Around him the forest awoke, the hylaeal chorus of barks, squeaks, chirps, howls, and screeches taking up where less loquacious nocturnal cousins had left off.

  He was discouraged enough to consider trying another place, when he detected movement in the branches and lianas above the natural cistern. He risked edging forward, momentarily break
ing the camouflage of his wavy green cloak. Yes, a definite rustling, still well above the cubbleway, but traveling downward.

  Moving as little as possible, he shifted the snuffler from its resting place. The meter-and-a-half-long tube of green wood was six centimeters around at its back end, narrowing to barely one at its tip. Gently he slid it out on the hump of wood in front of him. It rested there motionless, like a leafless twig. He sighted it on the cistern. Reaching into the quiver slung across his back under the cape, he pulled out one of the ten-centimeter-long thorns it held. Holding it carefully by its fan-shaped tail end, where it had been snapped from the parent plant, he slid it into the open back end of the snuffler.

  The sack slung next to the quiver produced a tank seed. It was bright yellow, veined with black and slightly bigger around than a man’s fist. Its leathery surface was taut as a drum. Born eased it into the back of the snuffler, then latched the backblock in place. Above, the rustling had become a crashing and bending of thick branches.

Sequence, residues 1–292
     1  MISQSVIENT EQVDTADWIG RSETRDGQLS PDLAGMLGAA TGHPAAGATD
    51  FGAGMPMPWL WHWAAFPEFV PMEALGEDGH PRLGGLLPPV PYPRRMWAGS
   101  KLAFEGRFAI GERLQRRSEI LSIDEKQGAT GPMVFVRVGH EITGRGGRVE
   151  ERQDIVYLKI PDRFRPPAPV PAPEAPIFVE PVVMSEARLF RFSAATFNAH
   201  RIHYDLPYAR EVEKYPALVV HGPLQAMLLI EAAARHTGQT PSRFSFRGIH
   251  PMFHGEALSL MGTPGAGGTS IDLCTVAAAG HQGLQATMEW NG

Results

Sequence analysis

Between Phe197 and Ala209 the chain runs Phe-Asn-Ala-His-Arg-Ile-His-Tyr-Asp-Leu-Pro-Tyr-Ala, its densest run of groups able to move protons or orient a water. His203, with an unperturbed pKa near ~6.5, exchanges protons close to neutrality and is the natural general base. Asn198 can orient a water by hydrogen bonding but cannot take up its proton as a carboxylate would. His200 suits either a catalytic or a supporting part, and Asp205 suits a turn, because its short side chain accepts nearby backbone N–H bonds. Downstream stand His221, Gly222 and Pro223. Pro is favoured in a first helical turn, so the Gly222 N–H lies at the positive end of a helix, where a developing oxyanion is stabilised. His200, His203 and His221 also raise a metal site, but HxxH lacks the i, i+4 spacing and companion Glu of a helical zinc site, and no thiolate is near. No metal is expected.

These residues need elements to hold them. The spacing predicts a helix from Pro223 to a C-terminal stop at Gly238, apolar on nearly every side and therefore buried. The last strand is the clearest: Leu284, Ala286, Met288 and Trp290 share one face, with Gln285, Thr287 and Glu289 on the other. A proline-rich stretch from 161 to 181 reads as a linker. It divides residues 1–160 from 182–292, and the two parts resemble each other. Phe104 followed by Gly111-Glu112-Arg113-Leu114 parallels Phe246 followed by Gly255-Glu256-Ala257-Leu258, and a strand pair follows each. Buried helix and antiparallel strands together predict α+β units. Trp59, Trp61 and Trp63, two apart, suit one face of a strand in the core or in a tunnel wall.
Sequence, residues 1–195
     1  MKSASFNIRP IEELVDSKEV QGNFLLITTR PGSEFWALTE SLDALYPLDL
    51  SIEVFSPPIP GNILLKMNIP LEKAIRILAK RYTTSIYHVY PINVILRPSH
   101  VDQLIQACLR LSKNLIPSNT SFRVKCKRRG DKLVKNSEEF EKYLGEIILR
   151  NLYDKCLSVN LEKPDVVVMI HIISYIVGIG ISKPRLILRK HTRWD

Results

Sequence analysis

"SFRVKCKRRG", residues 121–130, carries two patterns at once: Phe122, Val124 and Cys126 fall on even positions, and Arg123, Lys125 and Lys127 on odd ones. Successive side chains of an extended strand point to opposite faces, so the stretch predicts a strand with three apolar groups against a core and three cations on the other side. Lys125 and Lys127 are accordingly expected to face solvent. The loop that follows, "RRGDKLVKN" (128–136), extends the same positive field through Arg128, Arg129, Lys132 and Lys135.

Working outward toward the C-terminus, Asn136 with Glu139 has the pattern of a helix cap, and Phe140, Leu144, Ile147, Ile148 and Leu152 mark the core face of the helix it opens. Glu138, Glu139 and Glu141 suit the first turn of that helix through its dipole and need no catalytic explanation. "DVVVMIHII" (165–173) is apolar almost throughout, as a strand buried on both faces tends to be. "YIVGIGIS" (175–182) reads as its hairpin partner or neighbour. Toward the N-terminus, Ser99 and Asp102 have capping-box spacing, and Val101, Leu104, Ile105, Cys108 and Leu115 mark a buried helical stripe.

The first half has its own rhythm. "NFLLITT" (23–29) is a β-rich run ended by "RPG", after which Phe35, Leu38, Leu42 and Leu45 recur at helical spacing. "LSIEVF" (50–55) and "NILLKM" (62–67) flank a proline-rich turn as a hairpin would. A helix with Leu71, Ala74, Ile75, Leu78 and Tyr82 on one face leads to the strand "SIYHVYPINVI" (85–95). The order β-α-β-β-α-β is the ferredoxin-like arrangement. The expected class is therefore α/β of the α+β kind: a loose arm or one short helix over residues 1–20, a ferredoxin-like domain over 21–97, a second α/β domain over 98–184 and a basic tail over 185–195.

Wrapping his right hand around the pistollike trigger and using the other to steady the long barrel, he settled himself on the weapon, still as a statue. Concentrating on the bromeliad, he strove to reach out and become one with the plant.

  See what a fair resting place I offer, he thought tensely. How spacious this cubble limb, how broad and tasty its companions, how clear and fresh and cool the water I have caught so patiently just for you. Come down to me and drink deep of my well!

  A lost breeze blew, riffling leaf tips on the bromeliad. Born held his breath and prayed it would not carry his scent to whatever was making its ponderous way downward.

  A last loud crunching of parted vegetation, and the vertical traveler showed himself—a dark brown cone shape, covered with stubby brown fur. At the flat end of the cone two long tentacles reached out. Red-irised eyes tipped them. Evenly spaced around the cone-shaped body of the grazer were four thickly-muscled arms, which held it suspended between upper and lower branches with the aid of the prehensile tail that extended from the point of the cone.

  Nearly two meters of bulk, five times Born’s weight, the grazer would be difficult to kill. The thick, close-matted fur would be hard to penetrate, but only a thin bristle covered the flat base of the cone. To strike there Born would have to wait until the creature turned toward him. The tiny round mouth set in the center of the base was harmless, lined with four opposing sets of flat grinding teeth. But those arms could reduce the cubble path to splinters. A man would come apart much more easily.

  One arm shifted its grip, grabbed a lower branch. The tail curved down to grip the same support. Then the upper and left arm let go and the grazer swung lower still. Born wished he had prepared a little more thoroughly, setting out a second tank seed and jacari thorn. Now it was too late. A single slight movement from him and the grazer would be gone in a blur of arms and tail. It could travel up, down, or sideways through the forest with tremendous speed. It could also circle behind a man almost before he had time to turn.